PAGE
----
Nothing can ruin a camping trip quicker than losing all the tasty food you brought to spoilage, contamination, or downright theft from furry camp robbers. To ensure that you have a great camping experience with safe and delicious meals, and no messes to clean up, follow these simple steps for proper food storage and handling.
Food Storage Overview
There are a few basic guidelines to direct how you manage your camping food. With a little bit of preparation and adherence to good systems, it’s a cinch to make sure the culinary side of your trip goes smoothly.
Keep Cold Food Cold
If you plan to eat food that requires refrigeration, create the best conditions for your cooler:
- Keep it in the shade
- Chill the cooler before adding ice
- Use a 2:1 ice to contents ratio
- Limit access – keep it closed as often as possible
- Don’t drain melted water – it keeps contents chilled
After you create the proper cooler conditions, make sure your meals and the amount of ice in the cooler coincide. Even the best coolers usually only keep food cold for about 48 hours on a hot day. That means don’t bring four days’ worth of refrigerated food if you won’t have access to new ice – your second two days of food won’t be cold.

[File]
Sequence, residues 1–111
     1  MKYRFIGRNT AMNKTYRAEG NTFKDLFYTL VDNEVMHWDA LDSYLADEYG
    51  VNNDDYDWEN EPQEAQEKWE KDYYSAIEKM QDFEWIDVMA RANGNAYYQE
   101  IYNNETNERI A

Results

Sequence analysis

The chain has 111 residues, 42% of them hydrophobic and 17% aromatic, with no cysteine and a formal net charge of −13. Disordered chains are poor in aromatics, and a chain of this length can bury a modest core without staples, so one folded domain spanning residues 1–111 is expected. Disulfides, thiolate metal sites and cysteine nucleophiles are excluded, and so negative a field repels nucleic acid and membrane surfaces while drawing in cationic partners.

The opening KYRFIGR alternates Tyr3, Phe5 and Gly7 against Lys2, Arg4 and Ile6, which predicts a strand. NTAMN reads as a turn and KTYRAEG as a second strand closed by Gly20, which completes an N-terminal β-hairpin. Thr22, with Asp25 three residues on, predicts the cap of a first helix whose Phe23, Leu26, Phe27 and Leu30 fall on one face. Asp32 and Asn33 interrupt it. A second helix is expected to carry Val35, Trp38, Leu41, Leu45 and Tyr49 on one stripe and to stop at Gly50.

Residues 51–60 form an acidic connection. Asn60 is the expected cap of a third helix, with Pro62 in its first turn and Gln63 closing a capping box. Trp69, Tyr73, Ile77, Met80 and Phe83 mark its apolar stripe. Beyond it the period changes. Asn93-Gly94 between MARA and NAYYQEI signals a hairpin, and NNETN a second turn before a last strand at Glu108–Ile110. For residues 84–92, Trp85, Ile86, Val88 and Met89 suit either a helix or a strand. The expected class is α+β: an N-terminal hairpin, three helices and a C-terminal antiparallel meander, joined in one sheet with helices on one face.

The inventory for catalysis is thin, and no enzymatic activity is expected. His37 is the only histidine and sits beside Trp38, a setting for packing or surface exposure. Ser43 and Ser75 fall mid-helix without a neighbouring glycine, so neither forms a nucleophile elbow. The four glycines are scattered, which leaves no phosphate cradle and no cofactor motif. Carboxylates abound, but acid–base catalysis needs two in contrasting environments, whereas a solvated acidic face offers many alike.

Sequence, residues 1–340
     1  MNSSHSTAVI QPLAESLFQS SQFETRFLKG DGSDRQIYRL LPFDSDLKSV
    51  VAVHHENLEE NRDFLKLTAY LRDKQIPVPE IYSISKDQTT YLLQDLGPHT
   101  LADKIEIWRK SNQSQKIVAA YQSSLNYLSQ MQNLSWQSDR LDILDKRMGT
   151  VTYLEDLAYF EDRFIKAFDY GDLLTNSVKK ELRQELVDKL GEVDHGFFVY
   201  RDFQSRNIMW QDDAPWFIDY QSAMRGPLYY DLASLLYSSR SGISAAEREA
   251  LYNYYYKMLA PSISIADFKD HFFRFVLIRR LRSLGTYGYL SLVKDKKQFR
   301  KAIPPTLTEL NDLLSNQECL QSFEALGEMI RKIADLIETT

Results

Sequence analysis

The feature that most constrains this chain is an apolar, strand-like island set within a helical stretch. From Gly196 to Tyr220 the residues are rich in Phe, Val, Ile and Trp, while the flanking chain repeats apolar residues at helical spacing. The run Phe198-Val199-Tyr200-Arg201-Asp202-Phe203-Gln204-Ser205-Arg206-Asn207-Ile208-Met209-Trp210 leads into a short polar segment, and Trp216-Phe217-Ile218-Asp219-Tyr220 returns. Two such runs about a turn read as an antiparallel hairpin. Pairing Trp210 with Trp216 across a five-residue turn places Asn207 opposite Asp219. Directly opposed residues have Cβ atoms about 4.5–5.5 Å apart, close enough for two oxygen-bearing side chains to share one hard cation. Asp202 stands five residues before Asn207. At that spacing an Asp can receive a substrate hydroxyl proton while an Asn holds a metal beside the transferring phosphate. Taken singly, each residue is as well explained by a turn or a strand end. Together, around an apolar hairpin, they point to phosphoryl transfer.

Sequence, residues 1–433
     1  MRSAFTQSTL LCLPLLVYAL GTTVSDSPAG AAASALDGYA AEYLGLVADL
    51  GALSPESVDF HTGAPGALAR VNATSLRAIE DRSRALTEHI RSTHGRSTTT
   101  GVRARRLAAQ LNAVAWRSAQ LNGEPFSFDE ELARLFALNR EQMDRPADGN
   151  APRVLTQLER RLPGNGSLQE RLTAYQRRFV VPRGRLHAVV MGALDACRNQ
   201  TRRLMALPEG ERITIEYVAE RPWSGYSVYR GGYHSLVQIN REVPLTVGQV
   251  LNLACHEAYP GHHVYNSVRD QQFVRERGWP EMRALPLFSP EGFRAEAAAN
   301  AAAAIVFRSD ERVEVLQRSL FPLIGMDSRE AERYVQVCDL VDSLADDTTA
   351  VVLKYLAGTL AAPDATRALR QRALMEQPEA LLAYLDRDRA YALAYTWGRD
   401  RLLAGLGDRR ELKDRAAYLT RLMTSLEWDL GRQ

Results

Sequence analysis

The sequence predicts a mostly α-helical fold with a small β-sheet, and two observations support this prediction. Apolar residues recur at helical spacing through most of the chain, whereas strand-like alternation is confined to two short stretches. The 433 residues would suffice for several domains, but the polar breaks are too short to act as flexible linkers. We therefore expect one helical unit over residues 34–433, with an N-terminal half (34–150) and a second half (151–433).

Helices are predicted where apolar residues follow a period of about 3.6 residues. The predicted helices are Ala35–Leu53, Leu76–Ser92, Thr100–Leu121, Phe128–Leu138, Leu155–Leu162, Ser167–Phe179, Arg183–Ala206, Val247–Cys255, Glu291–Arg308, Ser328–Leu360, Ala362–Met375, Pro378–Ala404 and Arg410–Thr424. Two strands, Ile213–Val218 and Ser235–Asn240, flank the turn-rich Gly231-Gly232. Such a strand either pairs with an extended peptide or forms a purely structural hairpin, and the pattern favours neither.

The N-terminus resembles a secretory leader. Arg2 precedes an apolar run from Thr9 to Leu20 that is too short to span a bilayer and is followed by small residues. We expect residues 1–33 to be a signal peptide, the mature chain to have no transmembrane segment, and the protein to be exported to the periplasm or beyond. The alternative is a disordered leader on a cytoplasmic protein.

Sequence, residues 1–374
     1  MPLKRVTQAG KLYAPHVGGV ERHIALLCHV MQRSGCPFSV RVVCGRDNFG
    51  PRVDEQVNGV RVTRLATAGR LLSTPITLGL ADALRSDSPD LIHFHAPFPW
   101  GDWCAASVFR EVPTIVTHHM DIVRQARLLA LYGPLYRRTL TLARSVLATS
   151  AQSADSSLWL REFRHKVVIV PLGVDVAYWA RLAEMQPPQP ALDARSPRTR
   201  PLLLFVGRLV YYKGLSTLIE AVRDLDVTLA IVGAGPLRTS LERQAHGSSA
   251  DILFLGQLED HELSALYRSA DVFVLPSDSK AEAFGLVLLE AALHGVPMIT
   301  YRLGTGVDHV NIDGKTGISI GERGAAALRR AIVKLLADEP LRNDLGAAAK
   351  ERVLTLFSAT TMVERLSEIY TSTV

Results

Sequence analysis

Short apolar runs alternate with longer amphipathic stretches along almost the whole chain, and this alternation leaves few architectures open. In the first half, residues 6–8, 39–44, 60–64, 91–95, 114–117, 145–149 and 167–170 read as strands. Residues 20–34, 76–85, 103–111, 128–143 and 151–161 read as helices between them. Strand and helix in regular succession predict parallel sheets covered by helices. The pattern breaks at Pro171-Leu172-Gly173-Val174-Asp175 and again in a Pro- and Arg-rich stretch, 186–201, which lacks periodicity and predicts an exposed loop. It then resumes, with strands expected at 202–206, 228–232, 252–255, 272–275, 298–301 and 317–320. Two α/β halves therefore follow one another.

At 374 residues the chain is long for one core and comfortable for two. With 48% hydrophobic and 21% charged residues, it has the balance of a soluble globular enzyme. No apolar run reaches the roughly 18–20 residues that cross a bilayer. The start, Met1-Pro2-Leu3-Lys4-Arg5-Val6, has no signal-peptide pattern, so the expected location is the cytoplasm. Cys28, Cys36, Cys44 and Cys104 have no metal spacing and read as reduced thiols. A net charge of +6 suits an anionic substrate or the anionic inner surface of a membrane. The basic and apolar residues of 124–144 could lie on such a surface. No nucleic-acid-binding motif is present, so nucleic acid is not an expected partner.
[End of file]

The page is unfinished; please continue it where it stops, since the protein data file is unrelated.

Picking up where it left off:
Food Handling Procedures for Camping
While cooking outdoors, you should observe the same germ-safety techniques you use in your home kitchen.
- Wash hands frequently
- Clean knives and cutting boards between preparing raw meat and other ingredients
- Cook foods all the way through – although cooking over a fire can take a long time, it’s important to get meats to a temp of at least 140°F
- Use only potable water – boil water if you’re not sure if it’s drinkable or if your only source is a stream or river
It’s a good idea to create a system so that you can locate and store all your food easily. Consider putting things in separate bags or boxes according to meals (breakfast box) or food groups (the vegetable bag) or however else you decide to keep things organized.
Keeping organized is important because when things are hard to find or put away, 1) you’ll spend your precious camping time being frustrated looking for stuff, and 2) you’ll be tempted to leave things out, which leads to our next potential food storage issue: animals.
Food Storage from Animals
Storing your food properly is important for your enjoyment and safety as well as for the well being of wild animals. When animals become dependent on or overly familiar with humans, it can often lead to the animals’ malnutrition – they stop searching for the food that’s good for them in nature because they can get junk food from humans – or even worse, death, as in the case of many grizzlies in Yellowstone.
Never store food inside your tent, as this could lure animals, deadly or not, directly to you as you sleep. For specific animal protection, take the following steps to ensure that you protect your vittles from all the little crittles…I mean critters.